Sustaining Our Synagogues, Sustaining Ourselves
By Dr. Amy Alfred
Sustaining our synagogues for the future is an important goal indeed, and we may need to start by supporting our synagogue professionals in setting good boundaries in order to prevent burnout. Shoring up one’s own internal resources makes it easier to do the job. This article looks at how to develop and maintain appropriate boundaries given the myriad demands on our rabbis and senior staff. A boundary is something that indicates or fixes a limit, like a personal property line. It is like a membrane that keeps an organism intact. There are many different kinds of boundaries, and these include physical, emotional, time, relationship, work, parent, and spiritual ones. In order to feel balanced, it is important to know your own and others approach setting boundaries.
To illustrate, a typical day in the life of a synagogue executive named Sharon may include rising early for a quick workout, followed by a shower and getting her three kids fed and out the door for school, after which she grabs a piece of fruit and leaves for the half hour commute to work, just in time for an 8:30 am meeting with the ritual committee. At 9:30 she is asked to address a member’s concern about his bill, along with a congregant calling to say her loved one died, and wondering how the synagogue can help her manage this life event. By 11 a.m. Sharon is in a conference with the rabbi and cantor, who wish to discuss the upcoming budget and ways to trim costs. At noon she tries to get in a quick snack and do a bit of the paperwork that has piled up on her desk. At one p.m. she meets with a family who is preparing for their son’s bar mitzvah. She is interrupted by the staff janitor, who lets her know there is a big problem with the water in the dairy kitchen. She finishes up with the bar mitzvah family, and then runs into the kitchen around 2:30 to have a quick sandwich. Before she can finish, she is waylaid by the ed director who wants help with logistics for the preschool service at the end of the week. Checking email and voicemail, Sharon finds there are a number of fires to be put out – a request from a person at her son’s school that she sit on a new committee, her husband calling to say he won’t be back from a business trip as early as planned, and the president of the synagogue calling to say the meeting they had scheduled needed to be moved to a night she is not usually there. And the list goes on…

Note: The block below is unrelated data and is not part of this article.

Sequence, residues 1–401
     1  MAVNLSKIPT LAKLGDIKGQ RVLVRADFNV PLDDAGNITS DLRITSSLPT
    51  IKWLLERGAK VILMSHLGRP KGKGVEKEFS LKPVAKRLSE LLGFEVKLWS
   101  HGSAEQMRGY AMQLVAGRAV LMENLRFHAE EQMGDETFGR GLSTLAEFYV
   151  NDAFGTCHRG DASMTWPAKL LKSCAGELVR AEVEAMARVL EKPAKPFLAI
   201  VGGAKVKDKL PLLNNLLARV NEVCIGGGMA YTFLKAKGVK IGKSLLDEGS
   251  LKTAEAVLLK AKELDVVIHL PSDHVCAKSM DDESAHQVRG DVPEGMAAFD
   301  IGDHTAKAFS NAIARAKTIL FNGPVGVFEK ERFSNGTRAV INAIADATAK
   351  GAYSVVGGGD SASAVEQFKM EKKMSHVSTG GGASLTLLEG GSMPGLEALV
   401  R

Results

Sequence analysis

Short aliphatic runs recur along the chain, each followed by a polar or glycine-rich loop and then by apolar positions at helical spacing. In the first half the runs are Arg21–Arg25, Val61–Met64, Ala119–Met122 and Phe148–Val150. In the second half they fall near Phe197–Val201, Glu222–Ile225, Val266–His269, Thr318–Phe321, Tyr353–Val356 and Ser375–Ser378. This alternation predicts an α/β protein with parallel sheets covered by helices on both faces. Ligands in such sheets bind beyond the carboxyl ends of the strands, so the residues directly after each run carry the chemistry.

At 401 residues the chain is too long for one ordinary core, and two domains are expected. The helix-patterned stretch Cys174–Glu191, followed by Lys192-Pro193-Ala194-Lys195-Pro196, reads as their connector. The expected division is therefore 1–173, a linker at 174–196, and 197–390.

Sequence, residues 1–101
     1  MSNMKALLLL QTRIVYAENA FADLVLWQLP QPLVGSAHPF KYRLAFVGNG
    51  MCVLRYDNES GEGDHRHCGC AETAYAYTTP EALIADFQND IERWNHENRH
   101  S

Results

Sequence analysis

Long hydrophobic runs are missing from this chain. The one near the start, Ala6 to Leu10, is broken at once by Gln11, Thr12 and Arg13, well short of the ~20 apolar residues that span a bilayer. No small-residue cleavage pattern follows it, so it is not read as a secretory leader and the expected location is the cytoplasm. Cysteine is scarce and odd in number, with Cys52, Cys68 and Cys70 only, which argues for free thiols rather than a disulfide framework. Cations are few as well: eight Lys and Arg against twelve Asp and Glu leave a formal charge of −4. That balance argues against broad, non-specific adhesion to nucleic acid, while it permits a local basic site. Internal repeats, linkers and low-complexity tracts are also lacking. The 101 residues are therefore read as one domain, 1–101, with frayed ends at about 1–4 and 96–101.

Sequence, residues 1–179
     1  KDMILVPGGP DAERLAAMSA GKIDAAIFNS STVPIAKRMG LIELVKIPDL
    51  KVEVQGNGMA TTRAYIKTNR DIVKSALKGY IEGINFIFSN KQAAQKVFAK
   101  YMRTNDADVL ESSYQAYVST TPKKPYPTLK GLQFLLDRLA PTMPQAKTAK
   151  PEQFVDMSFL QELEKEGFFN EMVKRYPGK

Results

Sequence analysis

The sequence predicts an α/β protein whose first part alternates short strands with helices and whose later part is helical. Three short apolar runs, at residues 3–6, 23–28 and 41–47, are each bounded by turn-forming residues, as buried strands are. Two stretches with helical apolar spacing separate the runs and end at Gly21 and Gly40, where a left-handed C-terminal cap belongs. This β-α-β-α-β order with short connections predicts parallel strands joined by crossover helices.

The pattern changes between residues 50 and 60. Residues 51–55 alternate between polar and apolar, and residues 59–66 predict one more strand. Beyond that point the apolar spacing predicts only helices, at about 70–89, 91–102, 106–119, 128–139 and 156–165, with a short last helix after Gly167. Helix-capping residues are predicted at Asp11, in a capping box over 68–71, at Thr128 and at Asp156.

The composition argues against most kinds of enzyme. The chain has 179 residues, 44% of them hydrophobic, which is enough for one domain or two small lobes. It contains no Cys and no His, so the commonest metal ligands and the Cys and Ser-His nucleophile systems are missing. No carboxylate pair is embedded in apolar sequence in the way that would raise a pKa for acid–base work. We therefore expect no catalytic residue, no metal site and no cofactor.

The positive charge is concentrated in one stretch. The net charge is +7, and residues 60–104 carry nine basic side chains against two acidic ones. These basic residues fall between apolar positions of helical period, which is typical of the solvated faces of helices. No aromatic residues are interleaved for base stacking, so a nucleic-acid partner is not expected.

So… what must Sharon do to be able to juggle these many balls with a sense of integrity and calm? We are always told that in flight we should put on our own oxygen mask before we can effectively help anyone else put on theirs. And this may mean that we have to know when to set a boundary and care for ourselves first.
So how can we create effective personal boundaries?
Be clear about the boundary both to yourself and others.
- Once the boundary has been crossed, remind the person of your boundary and ask for help in maintaining that boundary.
- If the person continues to violate the boundary, ask firmly and politely for the behavior to stop. If it continues, consider what further action is needed to stop the behavior.
- Identify ways to position yourself in a time and place that minimizes the opportunity for your boundaries to be crossed.
- Thank those people around you who honor your boundaries.
- Always try to understand and honor the boundaries of those around you.
- For Sharon, she might wish to set a boundary around the executive board scheduling meetings on her night off. She can communicate to the group that this night is the only one she has to be with her family. If a meeting is still scheduled, she can remind them that night is not going to work for her. She can ask them to respect her family time. She can decide to miss the meeting and this may be beneficial in two ways. Either the group sees how much they need her input, and may change the time for the next meeting, OR, they see that they can function well without her presence all the time, and feel good about proceeding without her. Either way, Sharon is teaching people how to treat her when she sets up an appropriate boundary.
Some techniques to enhance the functioning of the boundaries may include:
- Tune into your feelings.
- Be direct.
- Give yourself permission.
- Practice self-awareness.
- Name your limits.
- Consider your past and present.
- Make self-care a priority.
- Seek support.
- Be assertive.
- Start small.
From a personal perspective, Sharon becomes more aware of how much she starts and stops eating during the day. She knows this leaves her with little energy and less internal resources to deal with the job at hand. She may wish to set some boundaries around eating breakfast and/or lunch sitting down, not rushing from task to task. So for breakfast, she can try to enlist the aid of her husband so that she can sit down with everyone. For lunch, she may have her administrative assistant block out a half hour where she takes no appointments. She will need to set the boundary when someone comes knocking on her door with “just a quick question”!
In summary, it is well worth our time to help synagogue professionals create, maintain, and honor their boundaries. This promotes a greater sense of well-being which can then be transmitted to increased self-efficacy both on and off the job. Sustaining these very important leaders in our congregation will have the desired effect of trickling down to all of the big and small places where they continually leave their mark.
Dr. Amy Alfred is a licensed psychologist who maintains a private practice in Narberth, PA where she sees many individuals and couples struggling to maintain appropriate boundaries. She consults with synagogues around conflict resolution and good boundary-setting for optimal functioning. For questions or comments, feel free to contact her directly at firstname.lastname@example.org.